• It's Personal: In the final few episodes, Martin discovers that Jens wants revenge against him, for sleeping with his wife just before she died. He takes his wife and kids, and his teenage son, hostage.
    • Saga nearly lets Emil die in the third season because he killed Hans.
      • In Season Two, the usually rule-abiding Saga breaks into Martin's house because she knows his nanny has Munchausen by Proxy and, after figuring out August's location too late to save him, she won't allow another of Martin's children to get hurt.
  • Jack the Ripoff:
    • In the second season, the second group of animal-masked terrorists turn out to be a much less dangerous group of animal liberationists who are just imitating the first group with no true connection.
    • In the third season, the second murder turns out to be a copycat killing.
  • Jerk With A Heartof Gold: August comes off as kind of aloof and a typical rebellious teen, but he's not a bad guy and is usually given babysitting duties of his half-siblings, and he tries to work on his strained relationship with his dad. Which is exactly what the killer wanted.
  • Jerk with a Heart of Jerk: Charlotte paying the entire ransom just to spite her dead husband and spend her stepdaughter's money
  • Jurisdiction Friction: Part of the initial hype for the show, and possibly hoped for by the killer. But actually the two police forces work together pretty well, barring some arguments over who gets to carry a gun (initially humorous but later played more seriously).
  • Karma Houdini: The mastermind in Season Two kills Getrud and leaves, we never hear from them again.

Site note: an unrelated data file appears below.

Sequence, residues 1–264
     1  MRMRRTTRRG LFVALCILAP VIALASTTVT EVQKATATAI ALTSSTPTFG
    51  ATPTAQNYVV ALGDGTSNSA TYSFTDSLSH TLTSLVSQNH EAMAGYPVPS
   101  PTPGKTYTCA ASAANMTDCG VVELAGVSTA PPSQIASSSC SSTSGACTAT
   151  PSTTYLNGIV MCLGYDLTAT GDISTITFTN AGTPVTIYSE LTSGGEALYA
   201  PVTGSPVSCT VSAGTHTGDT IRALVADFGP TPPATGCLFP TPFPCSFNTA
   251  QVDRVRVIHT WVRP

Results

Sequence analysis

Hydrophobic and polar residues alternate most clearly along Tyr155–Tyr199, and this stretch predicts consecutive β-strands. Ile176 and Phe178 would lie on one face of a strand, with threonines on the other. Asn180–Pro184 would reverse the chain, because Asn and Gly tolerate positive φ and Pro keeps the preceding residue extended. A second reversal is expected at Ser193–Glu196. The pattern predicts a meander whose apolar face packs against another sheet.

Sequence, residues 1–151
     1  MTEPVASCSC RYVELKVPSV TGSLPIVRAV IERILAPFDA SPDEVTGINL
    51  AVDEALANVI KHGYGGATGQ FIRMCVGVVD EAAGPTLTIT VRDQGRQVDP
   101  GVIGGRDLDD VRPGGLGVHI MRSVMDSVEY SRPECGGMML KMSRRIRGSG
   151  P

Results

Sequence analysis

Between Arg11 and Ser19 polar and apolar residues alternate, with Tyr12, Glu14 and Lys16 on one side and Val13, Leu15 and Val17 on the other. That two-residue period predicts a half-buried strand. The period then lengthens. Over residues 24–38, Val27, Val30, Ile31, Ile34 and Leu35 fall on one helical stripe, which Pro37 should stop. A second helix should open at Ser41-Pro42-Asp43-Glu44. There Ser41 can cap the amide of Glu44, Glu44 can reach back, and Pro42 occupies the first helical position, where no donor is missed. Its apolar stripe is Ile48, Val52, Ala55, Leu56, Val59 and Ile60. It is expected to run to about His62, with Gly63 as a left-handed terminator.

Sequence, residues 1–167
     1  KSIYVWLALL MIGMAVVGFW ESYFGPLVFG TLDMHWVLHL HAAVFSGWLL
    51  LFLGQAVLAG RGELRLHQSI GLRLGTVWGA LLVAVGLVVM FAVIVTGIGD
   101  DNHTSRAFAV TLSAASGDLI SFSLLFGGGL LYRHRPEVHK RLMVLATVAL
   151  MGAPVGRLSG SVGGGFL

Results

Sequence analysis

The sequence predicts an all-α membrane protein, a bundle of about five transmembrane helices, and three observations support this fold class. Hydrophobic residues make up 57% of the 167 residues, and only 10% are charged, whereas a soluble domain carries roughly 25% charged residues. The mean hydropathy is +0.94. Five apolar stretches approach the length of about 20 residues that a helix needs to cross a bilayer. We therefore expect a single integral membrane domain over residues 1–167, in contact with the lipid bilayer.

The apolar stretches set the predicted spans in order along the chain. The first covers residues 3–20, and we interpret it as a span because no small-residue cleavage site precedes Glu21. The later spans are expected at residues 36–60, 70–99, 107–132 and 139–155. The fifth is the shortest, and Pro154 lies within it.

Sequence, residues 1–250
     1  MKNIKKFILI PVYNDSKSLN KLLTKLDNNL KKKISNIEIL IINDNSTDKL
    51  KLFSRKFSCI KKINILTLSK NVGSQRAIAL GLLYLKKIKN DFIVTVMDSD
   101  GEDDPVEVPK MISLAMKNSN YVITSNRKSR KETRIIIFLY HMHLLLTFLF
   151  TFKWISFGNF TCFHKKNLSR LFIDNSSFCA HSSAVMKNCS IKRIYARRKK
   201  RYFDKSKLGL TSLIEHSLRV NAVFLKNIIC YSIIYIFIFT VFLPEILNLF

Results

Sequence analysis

• Freddie Holst doesn't receive any major punishments for his various backstabbing and double-dealing moments and only comes out of it with burned hands.
  • Keeping Secrets Sucks: Saga complains about being asked to keep Martin' secret that he's the guy who had an affair with Jens' wife.
  • Kick the Son of a Bitch: Ferbé's introductory scene, where he viciously mocks a sad-sack colleague for his unhipness and taste in music, makes him appear so unpleasant that the unspeakably horrible things that happen to him immediately afterwards seem karmic and comical.
    • The finale of Season Two has Getrud coldly gunned down by her boss, which is immensely satisfying after what she had planned.
  • Kill the Cutie: The fate of Anja and Benjamin.
  • Last Episode Theme Reprise: The very final minutes of the third series, as Saga and Henrik set out on their unofficial investigation of the murder of Henrik's wife, use the theme music as incidental music leading into the end credits. Notably, this includes portions of "Hollow Talk" that were cut from the opening and closing credits edit.
  • Leave No Witnesses: The reason for Anja's death - she accidentally saw the killer leaving the building of a subordinate and the police were looking for her. So she had to go.
  • Let Them Die Happy: Following a conversation with Martin about how sometimes, it's better to lie than tell a harsh truth, Anja asks Saga from her hospital bed if she's going to die. Saga tells her no.
  • Limited Wardrobe: We hope that Saga has several identical pairs of black leather trousers. If not, she probably isn't very pleasant to be around.
  • The Load: Marc, Jeanette's boyfriend, is a selfish idiot who gambles away their money and ends up being held at gunpoint at one point. Does that stop him? Nope!
  • Looking for Love in All the Wrong Places
  • Loose Lips: Asa makes a very big mistake in confiding in Claus and telling him she's been faking her pregnancy. He tells the papers and brings a huge scandal to Asa and Freddie out of revenge.
  • Love Makes You Stupid: In the third season, Jeanette refuses to leave her boyfriend even though he repeatedly gambles away their money, loses their house and almost gets shot by the guy they owe money to.